Literary daybook, Oct. 23

Real and imaginary events of interest to readers.

By the Salon Books Editors

Published October 23, 2002 7:00PM (EDT)

Today in fiction

On Oct. 23, 1990, Tony, Roz and Charis have lunch at the Toxique, and Zenia returns from the dead.
-- "The Robber Bride" (1993)
by Margaret Atwood

From "The Book of Fictional Days"
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Today in literary history
On this day in 1939, Zane Grey died. Grey was born as Pearl Zane Gray in Zanesville, Ohio, a town founded by his ancestors. After high school, his first move was not west but east, to study dentistry at the University of Pennsylvania, financed by a baseball scholarship. His next move was to New York City as a dentist, but only because New York was a literary center, a place where Grey would pull teeth by day and write or play baseball by night. By the time of his death he had written 89 books, 56 of them westerns and many of them bestsellers. Two of his favorite characters were the good-bad guy and the "noble savage" Indian; one of his favorite themes was "rape-by-progress," illustrated here from the 1918 hit "The U.P. Trail":

"Slingerland hated the railroad, and he could not see as Neale did, or any of the engineers or builders. This old trapper had the vision of the Indian -- that far-seeing eye cleared by distance and silence, and the force of the great, lonely hills. Progress was great, but nature unspoiled was greater. If a race could not breed all stronger men, through its great movements, it might better not breed any, for the bad over-multiplied the good, and so their needs magnified into greed. Slingerland saw many shiningbands of steel across the plains and mountains, many stations and hamlets and cities, a growing and marvelous prosperity from timber, mines, farms, and in the distant end -- a gutted West."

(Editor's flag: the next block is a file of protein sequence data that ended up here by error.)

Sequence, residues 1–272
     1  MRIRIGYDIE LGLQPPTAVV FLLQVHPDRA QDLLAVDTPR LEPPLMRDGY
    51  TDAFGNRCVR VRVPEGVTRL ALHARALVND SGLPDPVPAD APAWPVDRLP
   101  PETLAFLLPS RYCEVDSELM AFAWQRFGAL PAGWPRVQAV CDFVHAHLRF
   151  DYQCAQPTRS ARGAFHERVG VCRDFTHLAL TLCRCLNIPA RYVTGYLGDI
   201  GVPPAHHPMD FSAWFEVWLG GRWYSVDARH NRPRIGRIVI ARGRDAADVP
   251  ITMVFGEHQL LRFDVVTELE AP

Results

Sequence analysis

Though born too late for the Wild West, there was frontier adventure in Grey's youth, some of it approaching the six-gun sort. His father was a dentist, and Grey was compelled to help out around the office, at first cleaning up but eventually pulling teeth -- a job for which a baseball pitcher's strong hands and arms came in handy. Soon Grey was sent out to surrounding towns for this task -- a traveling, and totally unlicensed, tooth-puller. On one visit to Baltimore, Ohio, he heard talk of a big baseball game that afternoon, the local squad against an unbeaten team from nearby. Grey was a star in the Columbus semipro league and proud of his curve ball, a pitch new to the game and virtually unseen by the farm boys. He introduced himself to the manager of the Baltimore team, and had his offer to pitch that afternoon immediately accepted. With the game tied in the bottom of the seventh inning, Grey hit a grand slam; in the eighth, he threw a roundhouse curve so slow and strange that the batter fell over swinging. The other team began yelling, "Ringer! Ringer! Ringer!" bringing the umpire to the mound and a decision: "Game called. Nine to nothing, favor Jacktown. Baltimore's ringer pitcher throws a crooked ball!" In the ensuing riot, Grey slipped to the barn to change, but when still only half-dressed he saw the Jacktown team and fans on their way with a fence rail to ride him out of town. Grey bolted, and after a long chase through town escaped to a farmer's cornfield, where he spent the night in hiding. The next morning the farmer congratulated him on a great game, and gave him a pair of overalls.

-- Steve King

To find out more about "Today in Literary History," contact Steve King.

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